I finally read Virginia Woolf’s A Room of One’s Own. Can I implore you to (re)read it in these modern times? It remains insightful and in being so, is quite a reflection of our lack of evolution. Or perhaps a reminder that some themes may always pervade.
Woolf asks big questions about women and writing, and power between the sexes. In quite a light and comical way, actually. She’s at the British Museum, researching a speech she has to make, but entirely unproductively. She’s reading an angry professor’s rant in some book she picks up. She looks up and sees an angry man working angrily next to her. She scans the day’s paper full of angry headlines and brings it all together to ponder what an alien would make of it:
“The most transient visitor to this planet, I thought, who picked up this paper could not fail to be aware, even from this scattered testimony, that England is under the rule of a patriarchy. Nobody in their senses could fail to detect the dominance of the professor. His was the power and the money and the influence. He was the proprietor of the paper and its editor and sub-editor. He was the Foreign Secretary and the judge. He was the cricketer; he owned the racehorses and the yachts. He was the director of the company that pays two hundred per cent to its shareholders. He left millions to charities and colleges that were ruled by himself…Yet he was angry.”
Why would men with so much power be angry, she asks. We could ask the same today.
Almost 100 years ago she suggests it’s because men need to protect their superiority and in homes and institutions around the world they draw on women to prop up their powerfulness with flattery and reinforcement, she writes. Which – rather inconveniently – keeps blokes in delicate servitude to women.
I’m reminded of Freud’s theory that a woman’s ultimate fear of men can be drilled down to: he might kill me. Men’s fear of women? She will laugh at me.
“Women have served all these centuries as looking-glasses possessing the magic and delicious power of reflecting the figure of man at twice its natural size…Without that power probably the earth would still be swamp and jungle.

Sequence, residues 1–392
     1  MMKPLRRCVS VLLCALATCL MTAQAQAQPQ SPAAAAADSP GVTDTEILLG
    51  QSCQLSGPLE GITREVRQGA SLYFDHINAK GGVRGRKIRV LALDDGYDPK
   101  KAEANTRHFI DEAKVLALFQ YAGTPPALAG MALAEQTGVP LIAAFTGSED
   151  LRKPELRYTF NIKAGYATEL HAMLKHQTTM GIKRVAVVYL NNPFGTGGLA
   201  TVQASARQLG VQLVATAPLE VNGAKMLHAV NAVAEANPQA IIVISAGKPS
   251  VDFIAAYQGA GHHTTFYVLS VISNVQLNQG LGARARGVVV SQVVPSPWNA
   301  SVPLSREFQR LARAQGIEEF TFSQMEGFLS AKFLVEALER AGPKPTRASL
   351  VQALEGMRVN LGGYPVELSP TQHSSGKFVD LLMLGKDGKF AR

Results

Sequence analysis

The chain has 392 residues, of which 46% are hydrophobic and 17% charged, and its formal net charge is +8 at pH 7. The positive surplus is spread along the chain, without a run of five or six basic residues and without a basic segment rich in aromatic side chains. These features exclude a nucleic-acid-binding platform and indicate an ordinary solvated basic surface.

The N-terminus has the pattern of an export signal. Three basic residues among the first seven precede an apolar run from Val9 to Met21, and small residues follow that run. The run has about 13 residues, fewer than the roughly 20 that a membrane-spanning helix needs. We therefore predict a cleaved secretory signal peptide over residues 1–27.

“It serves to explain how restless (men) are under her criticism; how impossible it is for her to say to them this book is bad, this picture is feeble…without giving far more pain and rousing far more anger than a man would do who gave the same criticism.”
Ergo the anger.
Woolf can say all this, she says because she is not in this gender cycle. Her aunt left her with a £500 a year inheritance. So she can survive without needing to flatter and fawn over a man. She could do satisfying (as opposed to slave-like) work without worrying she’ll lose her job. She claims this inheritance did more for her freedom as a woman than getting the vote around the same time. It enabled her a room of her own in which she could develop her own original ideas without the ceaseless attending to of others. And the watering down of her ideas due to resentment or self-consciousness.
“Therefore not merely do effort and labour cease, but also hatred and bitterness.”
She rounds off with an observation:
“The history of men’s opposition to women’s emancipation is more interesting perhaps than the story of that emancipation itself.”
It’s an interesting one to think about a century later, hey. I think we could all – women and men – benefit from reflecting on (our own) angry resistance to change, as well as resistance to delving into why a pain-point exists for another (culture, race, sex) in the first place. Most of the battle that black people, the Stolen Generation, disenfranchised Muslim men, women who are sexually harassed in the workplace, women seeking equal pay for equal work and so on face is – can you believe it – anger from those in power. To talk about freedom requires nuanced discussions around why the pain point exists, which reflects our own part in the power dynamic, how we’ve benefited from the dynamic…and our shame. Shame sees us shut down and get angry. Even when we would truly rather have compassion. Why is Trump angry? He’s the most powerful man in the world. Are a caravan of Mexicans truly going to knock down his tower? Why do male shock jokes get angry about equal pay discussions?
Perhaps, though, I can ask all this because, in 2018 after a career (in both the work and relationship sense) as a self-conscious, hyper-appeasing looking-glass to many men around me, I can now afford a room of my own. I’ve pissed off all such shackles. And, at 44, I’ve entered that age of the Invisible Woman. Ha! Which reminds me of something Germain Greer (or was it Helen Garner?) once said about turning 50. She declared happily she was finally at an age where she was excused from laughing at men’s unfunny jokes. And could have more meaningful relationships with blokes.
Any of you know – was it Germaine or Helen?